if (active.length > 0) {
                    var next = $(active).next();
                } else {
                    $("tr:first", ".suggest-grid").addClass("active");
            } else if (e.which === 38) {
                if (active.length > 0) {
                    var previous = $(active).prev();
                } else {
                    $("tr:last", ".suggest-grid").addClass("active");
            } else if (e.which === 13) {
                var selectedValue = getSelectedValue();
                return false;
            } else {
                // We have a good value w/ no special keys.
                var value = $("#SearchTerm").val();
                if (value === "") {
                } else {
                    var uri = "/api/search/for/" + value;


                        .done(function (data) {
                            var grid = $(".suggest-grid");
                            $("tbody", grid).empty();
                                function (key, value) {
                                    var row =
                                        "<td>" + value.Make + "</td>" +
                                        "<td>" + value.Model + "</td>";
                                    $("tbody", grid).append($("<tr></tr>").html(row));
                                    // On mouse click, set the value.

                                    $("tr", grid).on("click",
                                        function (e) {
                                            // this = the row (tr)
                                            // Grabs the first column's value.
                                            var selectedValue = getSelectedValue();

Let's examine the changes.

Starting at the top, since we have two places to accept values (when a user hits enter or clicks a row), I decided to create a getSelectedValue function.

This getSelectedValue function will populate the textbox with what you want. I decided to go with "<Make> (<Model>)" as my final input.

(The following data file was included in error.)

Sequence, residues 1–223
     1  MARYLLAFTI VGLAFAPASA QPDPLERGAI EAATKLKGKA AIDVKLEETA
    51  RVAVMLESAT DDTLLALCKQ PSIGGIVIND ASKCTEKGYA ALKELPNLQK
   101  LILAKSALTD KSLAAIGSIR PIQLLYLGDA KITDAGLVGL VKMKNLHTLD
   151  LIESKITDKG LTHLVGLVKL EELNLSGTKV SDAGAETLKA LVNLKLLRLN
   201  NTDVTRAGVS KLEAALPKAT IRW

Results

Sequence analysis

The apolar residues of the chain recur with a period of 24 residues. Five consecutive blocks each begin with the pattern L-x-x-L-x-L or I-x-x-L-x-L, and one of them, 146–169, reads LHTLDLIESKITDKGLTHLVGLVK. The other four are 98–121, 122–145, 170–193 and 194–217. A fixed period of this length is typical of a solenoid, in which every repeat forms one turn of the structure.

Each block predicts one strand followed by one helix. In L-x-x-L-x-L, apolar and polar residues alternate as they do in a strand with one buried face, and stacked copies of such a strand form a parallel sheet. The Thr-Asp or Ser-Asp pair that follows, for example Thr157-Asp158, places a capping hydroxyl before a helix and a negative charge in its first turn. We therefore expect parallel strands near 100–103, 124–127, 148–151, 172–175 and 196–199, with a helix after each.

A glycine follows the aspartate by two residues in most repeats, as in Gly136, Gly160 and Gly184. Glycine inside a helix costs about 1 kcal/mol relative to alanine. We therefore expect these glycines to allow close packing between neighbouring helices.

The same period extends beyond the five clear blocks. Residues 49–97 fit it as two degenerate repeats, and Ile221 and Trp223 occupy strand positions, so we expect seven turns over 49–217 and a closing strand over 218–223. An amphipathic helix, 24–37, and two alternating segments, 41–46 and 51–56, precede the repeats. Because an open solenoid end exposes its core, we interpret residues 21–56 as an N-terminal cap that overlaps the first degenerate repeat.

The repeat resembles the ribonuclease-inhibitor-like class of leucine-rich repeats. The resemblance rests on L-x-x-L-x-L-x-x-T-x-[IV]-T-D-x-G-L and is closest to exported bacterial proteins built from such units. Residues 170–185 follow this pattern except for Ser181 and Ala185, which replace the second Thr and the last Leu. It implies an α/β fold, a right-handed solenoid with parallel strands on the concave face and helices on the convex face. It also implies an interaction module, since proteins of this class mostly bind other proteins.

Next, we work on the #SearchTerm textbox.

I added an onFocusOut to the control so when they leave the textbox, the suggestions drop-down is removed (hidden).

In the suggestion dropdown, we set an LI with an ".active" class. This code is no different. Instead, we set a TR to ".active" and it functions the exact same way.

If everything falls through to the bottom, we clear the table's rows ($("tbody",grid).empty()), make the JSON call to the API, build the row if we have results, and attach an onClick event to each row.


In today's post, we've taken the suggestion dropdown code and modified it slightly to display grids using tables instead of single list items from unordered lists.

You can take this code and expand on it by:

  • Adding images to the columns.
  • Using IDs in a hidden table column to place into a hidden field when a record is selected.
  • Building multi-line records.

With such little amount of code to create your own custom dropdowns, the ability to attach JavaScript to a simple control can expand the possibilities to your end-users.

Are there other JavaScript custom controls you'd like to see built? Was this built properly? Post your comments below and let's discuss.

asp.net mvc ,bootstrap ,ui development ,web application development ,web dev

Published at DZone with permission of Jonathan Danylko , DZone MVB. See the original article here.